Agencies

[Federal Register Volume 76, Number 246 (Thursday, December 22, 2011)]
[Notices]
[Pages 79729-79731]
From the Federal Register Online via the Government Printing Office [www.gpo.gov]
[FR Doc No: 2011-32781]


-----------------------------------------------------------------------

SECURITIES AND EXCHANGE COMMISSION

[Release No. 34-66001; File No. SR-ICC-2011-03]


 Self-Regulatory Organizations; ICE Clear Credit LLC; Order 
Approving Proposed Rule Change To Adopt ICC's Enhanced Margin 
Methodology

December 16, 2011.

I. Introduction

    On November 4, 2011, ICE Clear Credit LLC (``ICC'') filed with the 
Securities and Exchange Commission (``Commission'') the proposed rule 
change SR-ICC-2011-03 pursuant to Section 19(b)(1) of the Securities 
Exchange Act of 1934 (``Act'') \1\ and Rule 19b-4 thereunder.\2\ The 
proposed rule change was published for comment in the Federal Register 
on November 10, 2011.\3\ The Commission received three comment letters 
regarding the proposal.\4\ For the reasons discussed below, the 
Commission is granting approval of the proposed rule change.
---------------------------------------------------------------------------

    \1\ 15 U.S.C. 78s(b)(1).
    \2\ 17 CFR 240.19b-4.
    \3\ Securities Exchange Act Release No. 34-65699 (November 7, 
2011), 76 FR 70206 (November 10, 2011). In its filing with the 
Commission, ICC included statements concerning the purpose of and 
basis for the proposed rule change. The text of these statements is 
incorporated into the discussion of the proposed rule change in 
Section II below.
    \4\ See comment letter from Michael Hisler, Swaps & Derivatives 
Market Association, dated December 5, 2011 (``SDMA Letter'') and 
comment letters from John Williams, Allen & Overy LLP, on behalf of 
Bank of America Merrill Lynch, Barclays Capital, BNP Paribas, Citi, 
Credit Suisse Securities (USA), Deutsche Bank AG, JPMorgan Chase &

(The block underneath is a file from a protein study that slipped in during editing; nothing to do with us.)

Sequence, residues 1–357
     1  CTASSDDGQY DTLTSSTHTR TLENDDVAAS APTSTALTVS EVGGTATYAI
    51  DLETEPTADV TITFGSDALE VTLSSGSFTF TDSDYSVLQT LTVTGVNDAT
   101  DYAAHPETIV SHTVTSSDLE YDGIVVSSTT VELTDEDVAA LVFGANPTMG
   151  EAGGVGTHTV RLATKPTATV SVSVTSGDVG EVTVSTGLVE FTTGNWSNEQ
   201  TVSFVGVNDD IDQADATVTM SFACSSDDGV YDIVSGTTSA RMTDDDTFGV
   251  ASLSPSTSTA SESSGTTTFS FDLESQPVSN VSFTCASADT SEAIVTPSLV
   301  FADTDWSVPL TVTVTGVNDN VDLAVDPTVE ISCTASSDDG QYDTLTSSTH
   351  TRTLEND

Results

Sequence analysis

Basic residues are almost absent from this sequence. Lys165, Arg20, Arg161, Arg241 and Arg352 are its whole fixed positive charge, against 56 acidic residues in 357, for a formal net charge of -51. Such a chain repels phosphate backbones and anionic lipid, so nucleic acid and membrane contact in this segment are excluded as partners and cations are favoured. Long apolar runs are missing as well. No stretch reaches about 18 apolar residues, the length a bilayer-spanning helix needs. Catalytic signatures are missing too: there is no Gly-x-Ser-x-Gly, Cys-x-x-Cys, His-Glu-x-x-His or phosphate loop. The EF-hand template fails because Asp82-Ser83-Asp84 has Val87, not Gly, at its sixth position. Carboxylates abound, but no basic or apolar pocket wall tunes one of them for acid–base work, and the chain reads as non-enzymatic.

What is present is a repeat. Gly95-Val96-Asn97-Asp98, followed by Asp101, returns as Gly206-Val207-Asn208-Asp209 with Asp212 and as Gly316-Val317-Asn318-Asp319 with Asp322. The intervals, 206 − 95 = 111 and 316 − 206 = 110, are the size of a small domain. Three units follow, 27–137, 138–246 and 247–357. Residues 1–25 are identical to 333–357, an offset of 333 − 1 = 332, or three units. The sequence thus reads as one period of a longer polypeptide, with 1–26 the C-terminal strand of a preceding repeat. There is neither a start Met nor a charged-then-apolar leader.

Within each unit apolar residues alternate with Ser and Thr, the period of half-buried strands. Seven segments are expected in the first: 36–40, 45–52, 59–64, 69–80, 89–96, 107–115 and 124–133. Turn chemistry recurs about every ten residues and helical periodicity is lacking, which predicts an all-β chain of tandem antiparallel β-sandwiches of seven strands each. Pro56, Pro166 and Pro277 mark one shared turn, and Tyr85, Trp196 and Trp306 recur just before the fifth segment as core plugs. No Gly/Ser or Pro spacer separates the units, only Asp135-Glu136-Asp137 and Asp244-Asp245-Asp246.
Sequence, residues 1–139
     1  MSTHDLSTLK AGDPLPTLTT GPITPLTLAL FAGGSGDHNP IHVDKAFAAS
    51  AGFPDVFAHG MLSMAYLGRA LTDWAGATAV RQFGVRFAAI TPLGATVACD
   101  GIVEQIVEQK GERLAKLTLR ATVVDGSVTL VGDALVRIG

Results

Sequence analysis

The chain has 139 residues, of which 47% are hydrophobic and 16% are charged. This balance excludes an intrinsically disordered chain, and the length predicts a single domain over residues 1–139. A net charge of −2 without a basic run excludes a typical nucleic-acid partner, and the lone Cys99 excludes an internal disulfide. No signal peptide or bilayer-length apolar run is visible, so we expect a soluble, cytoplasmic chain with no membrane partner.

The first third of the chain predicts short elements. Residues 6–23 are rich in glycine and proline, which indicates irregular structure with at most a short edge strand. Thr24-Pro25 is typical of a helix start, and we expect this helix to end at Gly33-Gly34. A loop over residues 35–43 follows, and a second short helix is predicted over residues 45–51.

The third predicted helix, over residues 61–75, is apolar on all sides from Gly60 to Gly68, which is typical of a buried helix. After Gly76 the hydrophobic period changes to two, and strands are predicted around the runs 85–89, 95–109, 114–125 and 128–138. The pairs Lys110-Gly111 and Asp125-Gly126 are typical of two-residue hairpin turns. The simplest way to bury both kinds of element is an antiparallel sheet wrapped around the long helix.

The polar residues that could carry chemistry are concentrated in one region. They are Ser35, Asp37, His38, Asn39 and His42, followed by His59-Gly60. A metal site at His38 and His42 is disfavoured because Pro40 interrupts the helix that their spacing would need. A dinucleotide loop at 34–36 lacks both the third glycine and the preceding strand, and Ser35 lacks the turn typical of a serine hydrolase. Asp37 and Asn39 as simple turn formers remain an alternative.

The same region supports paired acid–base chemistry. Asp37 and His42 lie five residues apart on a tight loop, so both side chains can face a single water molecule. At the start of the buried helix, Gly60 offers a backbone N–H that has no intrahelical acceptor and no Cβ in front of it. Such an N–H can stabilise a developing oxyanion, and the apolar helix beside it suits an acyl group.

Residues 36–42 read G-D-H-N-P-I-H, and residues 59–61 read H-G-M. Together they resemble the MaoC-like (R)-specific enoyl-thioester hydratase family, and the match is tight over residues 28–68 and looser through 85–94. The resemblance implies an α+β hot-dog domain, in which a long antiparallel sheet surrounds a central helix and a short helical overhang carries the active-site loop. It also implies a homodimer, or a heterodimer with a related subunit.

Co., Morgan Stanley and UBS Securities LLC, dated December 1, 2011 
and December 5, 2011 (``Allen & Overy Letters''). Allen & Overy 
LLP's December 5, 2011 letter amended its December 1, 2011 letter, 
with the sole change consisting of the addition of The Goldman Sachs 
Group, Inc., Nomura Securities International, and The Royal Bank of 
Scotland plc as signatories.
---------------------------------------------------------------------------

II. Self-Regulatory Organization's Statement of the Terms of Substance 
of the Proposed Rule Change

    This rule permits ICC to make certain modifications to its Risk 
Management Framework for clearing credit default swap (``CDS'') 
contracts. These modifications are collectively referred to as the 
``Portfolio Decomposition Model.'' A fundamental aspect of ICC's 
Portfolio Decomposition Model is the recognition that CDS contracts 
cleared by ICC referencing broad-based securities indices are 
essentially compositions of specific single-name CDS contracts. Under 
the Portfolio Decomposition Model, ICC would, among other things, 
decompose CDS contracts referencing broad-based

[[Page 79730]]

securities indices into single-name, index-derived positions with 
notional amounts corresponding to their relative weight in the index.
    In connection with the decomposition of CDS contracts referencing 
broad-based securities indices, ICC will incorporate jump-to-default 
risk as a component of the risk margin associated with the clearing of 
CDS index products. Because ICC's prior methodology did not include 
jump-to-default margin requirements for CDS index products, this change 
will result in a better measurement of the risk associated with 
clearing these contracts. ICC believes that the Portfolio Decomposition 
Model also reflects a number of other enhancements to the ICC Risk 
Management Framework. Examples of these changes include: Replacing 
standard deviation with mean absolute deviation as a measure of spread 
volatility, implementing an auto-regressive process to obtain multi-
horizon risk measures, expanding spread response scenarios, introducing 
liquidity margin requirements for CDS index products, and base 
concentration charges.
    In addition, implementation of the Portfolio Decomposition Model 
will also allow ICC to provide portfolio margin treatment between index 
CDS contracts and offsetting single-name CDS contracts. These portfolio 
benefits will generally involve ICC providing margin offsets across 
single-name CDS contracts and index CDS contracts that are held in a 
clearing participant's portfolio based on correlation measurements.
    To date, ICC has not offered such portfolio margin treatment 
strictly for operational reasons. However, ICC has informed the 
Commission that it will be operationally ready to offer portfolio 
margining with respect to its clearing participants' proprietary 
positions sometime in mid-December 2011. In its filing with the